Incapacity, inhuman or degrading treatment, and the right of mentally ill persons to access the courts

Stanev v Bulgaria [2012] ECHR 46 (17 January 2012)


The Grand Chamber of the European Court of Human Rights held that a man who had been declared partially incapacitated and placed in a dilapidated psychiatric home had suffered a number of violations of his human rights. The Grand Chamber emphasised that detention other than in accordance with domestic law is a violation of the right to liberty. Moreover, an aggregate of factors such as inadequate living conditions and lengthy detention can amount to inhuman or degrading treatment. Finally, incapacitated persons must have access to the courts for judicial review of both their living conditions and their legal status.


On 20 November 2000, a Bulgarian court held that Mr Rusi Kosev Stanev was partially incapacitated due to mental illness. The court found that Mr Stanev suffered from schizophrenia and that he could not manage his own affairs.

On 23 May 2002, a council officer was appointed as Mr Stanev’s guardian. The council officer arranged for Mr Stanev to be placed in a home for adults with mental disorders. Mr Stanev was not told why he was being placed in the home or for how long.

The home housed 73 people. It was in an isolated area and the applicant was not allowed to leave without permission.

In 2003, the home was visited by the European Committee for the Prevention of Torture and Inhuman or Degrading Treatment or Punishment. The Committee found that the home was in a state of serious disrepair. The buildings were inadequately heated and did not have running water. The toilets were unhygienic holes in the ground. Fruit and vegetables were rarely available, milk and eggs were non-existent, and virtually no activities were offered. The Committee requested that the home be closed and replaced as a matter of urgency.

In 2004, Mr Stanev attempted to have his legal capacity restored. Through his lawyer, he asked a prosecutor and a local mayor to file a court case on his behalf, but they refused. Mr Stanev sought judicial review of the mayor’s decision. He was unsuccessful because his guardian, the director of the home, had not consented to the action.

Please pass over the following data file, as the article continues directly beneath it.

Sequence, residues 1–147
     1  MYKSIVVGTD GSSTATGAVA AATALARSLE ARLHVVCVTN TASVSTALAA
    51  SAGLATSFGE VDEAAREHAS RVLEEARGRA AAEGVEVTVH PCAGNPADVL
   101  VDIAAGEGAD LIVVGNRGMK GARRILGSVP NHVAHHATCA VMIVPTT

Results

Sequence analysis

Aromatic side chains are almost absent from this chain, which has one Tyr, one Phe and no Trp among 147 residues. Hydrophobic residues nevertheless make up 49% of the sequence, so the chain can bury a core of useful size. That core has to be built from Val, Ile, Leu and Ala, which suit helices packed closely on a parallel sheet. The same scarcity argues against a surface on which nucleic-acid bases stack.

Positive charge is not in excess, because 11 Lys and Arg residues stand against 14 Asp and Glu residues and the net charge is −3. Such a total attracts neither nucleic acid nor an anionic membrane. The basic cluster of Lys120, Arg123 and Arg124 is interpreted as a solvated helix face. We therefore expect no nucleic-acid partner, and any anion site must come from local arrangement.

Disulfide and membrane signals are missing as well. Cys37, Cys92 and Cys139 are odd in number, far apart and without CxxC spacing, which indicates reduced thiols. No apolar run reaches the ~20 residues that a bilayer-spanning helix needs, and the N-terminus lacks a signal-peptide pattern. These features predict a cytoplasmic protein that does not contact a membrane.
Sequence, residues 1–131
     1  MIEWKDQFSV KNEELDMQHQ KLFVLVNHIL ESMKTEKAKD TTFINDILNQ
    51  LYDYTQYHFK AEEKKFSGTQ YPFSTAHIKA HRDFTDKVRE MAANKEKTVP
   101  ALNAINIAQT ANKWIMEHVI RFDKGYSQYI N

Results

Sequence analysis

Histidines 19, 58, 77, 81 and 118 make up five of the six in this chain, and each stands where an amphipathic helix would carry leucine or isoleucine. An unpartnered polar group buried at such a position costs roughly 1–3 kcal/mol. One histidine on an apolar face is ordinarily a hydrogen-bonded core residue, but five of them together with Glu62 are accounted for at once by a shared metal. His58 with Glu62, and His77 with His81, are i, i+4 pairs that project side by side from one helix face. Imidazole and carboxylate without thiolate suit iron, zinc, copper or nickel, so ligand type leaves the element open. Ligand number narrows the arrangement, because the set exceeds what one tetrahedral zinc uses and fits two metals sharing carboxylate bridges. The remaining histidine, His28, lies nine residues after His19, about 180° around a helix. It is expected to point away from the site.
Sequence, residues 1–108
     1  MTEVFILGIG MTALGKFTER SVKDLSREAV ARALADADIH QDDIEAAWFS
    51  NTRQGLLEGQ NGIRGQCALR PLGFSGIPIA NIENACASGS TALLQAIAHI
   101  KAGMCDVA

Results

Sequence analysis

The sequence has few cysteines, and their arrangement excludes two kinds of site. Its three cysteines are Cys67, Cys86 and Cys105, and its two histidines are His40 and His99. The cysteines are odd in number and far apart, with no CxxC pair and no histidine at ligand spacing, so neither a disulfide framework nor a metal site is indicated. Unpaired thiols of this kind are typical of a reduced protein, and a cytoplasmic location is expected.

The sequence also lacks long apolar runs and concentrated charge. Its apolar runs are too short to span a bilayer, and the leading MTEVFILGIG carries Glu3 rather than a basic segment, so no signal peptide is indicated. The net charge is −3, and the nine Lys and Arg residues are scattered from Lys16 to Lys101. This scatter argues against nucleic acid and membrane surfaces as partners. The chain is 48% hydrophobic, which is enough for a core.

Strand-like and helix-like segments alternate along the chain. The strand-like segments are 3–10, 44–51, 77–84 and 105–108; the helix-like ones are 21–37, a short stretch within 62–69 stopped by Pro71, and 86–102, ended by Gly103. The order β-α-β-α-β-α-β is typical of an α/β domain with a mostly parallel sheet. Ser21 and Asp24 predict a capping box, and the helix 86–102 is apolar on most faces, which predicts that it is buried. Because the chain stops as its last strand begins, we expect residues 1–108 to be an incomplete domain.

In 2006, an independent psychiatrist found that the diagnosis of schizophrenia was inaccurate and that Mr Stanev’s behaviour was more likely the result of alcohol abuse. The psychiatrist also found that Mr Stanev’s mental health had improved and that he was capable of living in the community.

On 8 September 2006, Mr Stanev filed a complaint with the European Court of Human Rights.


Mr Stanev’s lawyers argued that his placement in the home was a deprivation of his liberty contrary to article 5(1) of the European Convention on Human Rights. Further, they argued that his lack of access to a court, his inability to apply for compensation, and the degrading conditions in the home were all violations of his Convention rights.

The Grand Chamber noted that the distinction between deprivation of liberty and a restriction on liberty is one of degree, not type. Further, a person may be deprived of liberty even if he or she is not held in physical confinement.

The Grand Chamber held that Mr Stanev had been deprived of liberty. This was because the authorities had placed him in the home without his consent, he had been there for almost a decade, the home controlled his identity papers and his finances, and he needed the director’s permission to leave.

Article 5(1) provides that a deprivation of liberty may be justified only if it is ‘in accordance with a procedure prescribed by law’. The Grand Chamber found that Bulgarian law did not allow guardians of partially incapacitated persons to take legal steps without their consent. Thus, the deprivation of Mr Stanev’s liberty was not in accordance with Bulgarian law. It was therefore an unlawful deprivation of liberty under article 5(1).